RE: [PATCH v4 12/14] platform/x86: wmi: create character devices when requested by drivers
Date: Thu Oct 05 2017 - 15:03:36 EST
> -----Original Message-----
> From: Greg KH [mailto:greg@xxxxxxxxx]
> Sent: Thursday, October 5, 2017 1:47 PM
> To: Darren Hart <dvhart@xxxxxxxxxxxxx>
> Cc: Pali Rohár <pali.rohar@xxxxxxxxx>; Limonciello, Mario
> <Mario_Limonciello@xxxxxxxx>; andy.shevchenko@xxxxxxxxx; linux-
> kernel@xxxxxxxxxxxxxxx; platform-driver-x86@xxxxxxxxxxxxxxx; luto@xxxxxxxxxx;
> quasisec@xxxxxxxxxx; rjw@xxxxxxxxxxxxx; mjg59@xxxxxxxxxx; hch@xxxxxx
> Subject: Re: [PATCH v4 12/14] platform/x86: wmi: create character devices when
> requested by drivers
> On Thu, Oct 05, 2017 at 10:39:25AM -0700, Darren Hart wrote:
> > > It does, thanks. And as we now understand it (I'm guessing it had to be
> > > semi-understood in the older wmi drivers already), validating it
> > > properly seems to be the key for creating an interface that we "know" to
> > > be safe.
> > >
> > We don't use the MOF data in any of the existing wmi drivers, because
> > they are all oddities which map to kernel managed subsystems (hotkeys,
> > LED control, RF Kill switches) rather than what WMI (Windows
> > Manageability Interface) was designed for. The intent of these patches
> > to enable that management aspect of the platform.
> > This is the biggest hurdle for WMI support.
> > WMI was designed to bypass the OS, and is used in consumer devices
> > intended to run Windows. This leads to an interface that is very vendor
> > specific and not consistently broken up into nice functional blocks.
> > Vendors would like to use this interface in Linux as it is being used in
> > Windows. Specifically, they want to be able to have a generic system in
> > the kernel which allows the WMI mechanism to be used by userspace,
> > without the need to patch the kernel for every platform.
> And how _exactly_ is this interface exposed in Windows? Is it ad-hoc
> with custom kernel drivers written by each vendor? Or does the OS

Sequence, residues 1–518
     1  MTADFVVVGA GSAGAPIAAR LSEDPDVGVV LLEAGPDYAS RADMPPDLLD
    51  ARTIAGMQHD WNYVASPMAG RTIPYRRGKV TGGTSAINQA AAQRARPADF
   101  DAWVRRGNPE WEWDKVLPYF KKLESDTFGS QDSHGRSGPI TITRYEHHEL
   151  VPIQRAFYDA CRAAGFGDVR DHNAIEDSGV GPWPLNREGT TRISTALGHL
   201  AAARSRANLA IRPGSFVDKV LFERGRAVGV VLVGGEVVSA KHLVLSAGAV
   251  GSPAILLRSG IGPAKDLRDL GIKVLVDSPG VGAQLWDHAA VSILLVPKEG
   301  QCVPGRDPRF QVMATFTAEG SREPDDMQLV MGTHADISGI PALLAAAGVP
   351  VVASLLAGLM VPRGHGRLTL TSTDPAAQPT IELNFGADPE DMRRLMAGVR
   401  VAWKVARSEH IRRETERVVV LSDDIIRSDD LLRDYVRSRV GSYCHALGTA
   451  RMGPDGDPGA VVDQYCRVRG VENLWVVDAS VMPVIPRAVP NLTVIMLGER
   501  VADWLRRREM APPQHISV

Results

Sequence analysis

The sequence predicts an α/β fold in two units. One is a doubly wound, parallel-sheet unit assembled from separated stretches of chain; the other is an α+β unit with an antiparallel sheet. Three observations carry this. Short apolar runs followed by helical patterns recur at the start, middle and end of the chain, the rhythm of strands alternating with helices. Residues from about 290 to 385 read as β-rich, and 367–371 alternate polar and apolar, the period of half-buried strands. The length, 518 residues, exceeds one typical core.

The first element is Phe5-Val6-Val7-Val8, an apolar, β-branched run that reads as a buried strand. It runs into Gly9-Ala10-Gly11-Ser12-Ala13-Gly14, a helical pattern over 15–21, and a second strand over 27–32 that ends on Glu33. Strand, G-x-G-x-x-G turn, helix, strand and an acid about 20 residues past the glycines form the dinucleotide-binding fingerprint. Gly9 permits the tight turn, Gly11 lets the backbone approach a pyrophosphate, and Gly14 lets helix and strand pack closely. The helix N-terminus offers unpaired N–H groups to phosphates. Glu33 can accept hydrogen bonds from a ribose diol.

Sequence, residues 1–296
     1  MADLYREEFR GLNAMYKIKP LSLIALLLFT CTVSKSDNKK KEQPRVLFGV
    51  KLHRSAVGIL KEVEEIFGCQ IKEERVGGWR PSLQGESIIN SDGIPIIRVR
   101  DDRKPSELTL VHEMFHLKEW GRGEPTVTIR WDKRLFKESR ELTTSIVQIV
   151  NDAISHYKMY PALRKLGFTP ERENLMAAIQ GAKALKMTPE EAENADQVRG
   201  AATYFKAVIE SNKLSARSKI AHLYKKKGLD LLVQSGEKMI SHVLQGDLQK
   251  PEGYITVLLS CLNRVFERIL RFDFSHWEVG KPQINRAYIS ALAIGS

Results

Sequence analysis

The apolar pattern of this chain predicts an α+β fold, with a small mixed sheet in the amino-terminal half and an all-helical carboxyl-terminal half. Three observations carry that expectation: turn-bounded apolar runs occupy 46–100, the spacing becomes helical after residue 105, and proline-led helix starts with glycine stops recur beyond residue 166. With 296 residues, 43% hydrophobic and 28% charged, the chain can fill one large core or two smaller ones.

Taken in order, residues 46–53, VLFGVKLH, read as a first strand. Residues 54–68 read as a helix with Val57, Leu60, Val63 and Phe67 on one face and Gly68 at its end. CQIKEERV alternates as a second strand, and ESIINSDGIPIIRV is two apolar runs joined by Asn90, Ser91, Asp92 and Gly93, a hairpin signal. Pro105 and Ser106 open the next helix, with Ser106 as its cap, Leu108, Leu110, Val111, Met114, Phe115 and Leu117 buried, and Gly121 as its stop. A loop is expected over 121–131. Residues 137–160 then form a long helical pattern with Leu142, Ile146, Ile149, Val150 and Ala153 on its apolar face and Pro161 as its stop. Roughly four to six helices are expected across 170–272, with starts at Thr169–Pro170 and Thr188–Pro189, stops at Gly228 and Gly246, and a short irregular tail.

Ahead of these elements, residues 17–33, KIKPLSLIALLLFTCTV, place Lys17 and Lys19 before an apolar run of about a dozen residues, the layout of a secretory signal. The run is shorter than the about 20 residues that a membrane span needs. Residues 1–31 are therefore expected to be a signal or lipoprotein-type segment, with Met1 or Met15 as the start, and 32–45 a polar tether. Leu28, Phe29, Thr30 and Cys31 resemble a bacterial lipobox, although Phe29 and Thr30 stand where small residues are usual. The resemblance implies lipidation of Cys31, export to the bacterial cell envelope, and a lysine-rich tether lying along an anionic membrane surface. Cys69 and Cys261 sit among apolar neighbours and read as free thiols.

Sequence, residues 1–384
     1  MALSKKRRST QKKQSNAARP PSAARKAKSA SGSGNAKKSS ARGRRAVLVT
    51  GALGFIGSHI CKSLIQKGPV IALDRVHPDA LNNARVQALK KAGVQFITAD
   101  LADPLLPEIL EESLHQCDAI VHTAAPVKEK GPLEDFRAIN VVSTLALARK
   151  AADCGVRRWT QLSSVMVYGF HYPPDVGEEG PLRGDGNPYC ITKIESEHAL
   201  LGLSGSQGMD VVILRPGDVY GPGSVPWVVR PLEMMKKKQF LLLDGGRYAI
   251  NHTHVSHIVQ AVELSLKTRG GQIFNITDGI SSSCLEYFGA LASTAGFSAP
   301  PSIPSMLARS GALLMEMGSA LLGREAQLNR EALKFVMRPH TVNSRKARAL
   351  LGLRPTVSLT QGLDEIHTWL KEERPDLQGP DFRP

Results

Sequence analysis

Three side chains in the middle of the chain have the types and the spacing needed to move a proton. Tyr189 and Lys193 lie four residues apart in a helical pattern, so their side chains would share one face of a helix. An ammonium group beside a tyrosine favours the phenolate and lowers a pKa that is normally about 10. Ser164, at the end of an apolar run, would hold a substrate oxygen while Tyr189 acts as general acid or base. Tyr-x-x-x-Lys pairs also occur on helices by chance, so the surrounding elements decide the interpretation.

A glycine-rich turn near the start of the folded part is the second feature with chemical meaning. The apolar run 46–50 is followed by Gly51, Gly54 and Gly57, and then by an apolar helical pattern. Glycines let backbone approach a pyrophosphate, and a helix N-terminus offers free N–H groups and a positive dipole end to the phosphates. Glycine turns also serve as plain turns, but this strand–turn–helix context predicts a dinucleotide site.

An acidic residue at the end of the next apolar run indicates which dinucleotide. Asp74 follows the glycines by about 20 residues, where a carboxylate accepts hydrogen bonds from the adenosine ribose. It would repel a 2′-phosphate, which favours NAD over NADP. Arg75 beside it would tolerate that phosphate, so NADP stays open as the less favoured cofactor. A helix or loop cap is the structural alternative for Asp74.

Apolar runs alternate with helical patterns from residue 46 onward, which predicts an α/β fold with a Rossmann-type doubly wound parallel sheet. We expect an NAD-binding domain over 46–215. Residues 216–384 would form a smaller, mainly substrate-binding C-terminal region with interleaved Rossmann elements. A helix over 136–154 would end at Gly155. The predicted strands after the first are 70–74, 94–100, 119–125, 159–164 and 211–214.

> provide a "sane" interface for it?
On Windows it's a driver-less solution. Vendors don't do anything other
than provide the MOF (which describes how the data passed to ASL looks).
When Windows boots up, _WDG is parsed, the binary MOF is loaded into
the WMI repository. The MOF describes how named objects map to GUIDs
which map to ASL.
>From Powershell or from any application that uses WMI as admin you can
look up the root namespace and see all objects. You can pass calls back
and forth. There's all sorts of examples of it here:
Windows doesn't validate the data when it's passed to ASL and back.
It just knows what it looks like, size of the buffer and relays the information.
It's up to firmware to block the crazy stuff that you can put in a buffer.
> > This conflicts with the Linux approach, and I've worked with Mario,
> > Pali, and others to try to bridge this gap with something more
> > acceptable.
> > MOF parsing is typically done in userspace, but by doing it in the
> > kernel, we can do at least some amount of message auditing within the
> > kernel in a generic way. So long as vendors continue using the same
> > GUIDs and provide proper MOF data, the kernel wouldn't need to be
> > changed. New GUIDs require new drivers, which must create the function
> > ops to get the char device created.
> > I thought this served as a pragmatic bridge between the two approaches.
> The code as-is isn't a bridge at all, it's a pass-through tunnel with no
> tollbooth. No parsing is being done that I can see here (if it is,
> where exactly was it done?)
> > This particular driver, doesn't have the benefit of the MOF data. It is
> > a halfway point intended to eliminate the SMI access to SMBIOS and
> > replace it with the WMI access, which uses an op region instead of
> > passing a physical memory pointer to SMM - but doesn't improve on the
> > message audit of the existing mechanism (but it shouldn't make it any
> > worse either).
> Again, it looks just to be a pass-through, no validation happening at
> all, with a random "blob" appended that userspace knows all about, and
> the BIOS knows about, but the kernel has no clue. Given that the kernel
> is what is there to protect the BIOS from userspace, that feels really
It's entirely reasonable that Linux can filter more than Windows
can given there ARE vendor specific drivers in the Linux implementation
I'll add some verification of the supported calls on the system being run
on for v5. Some of the write once only things can be filtered too here.
> Again, I like my TPM to work, and I don't want a random rootkit exploit
> to be able to destroy it :)
I'd like to however point out you can't kill your TPM from this interface.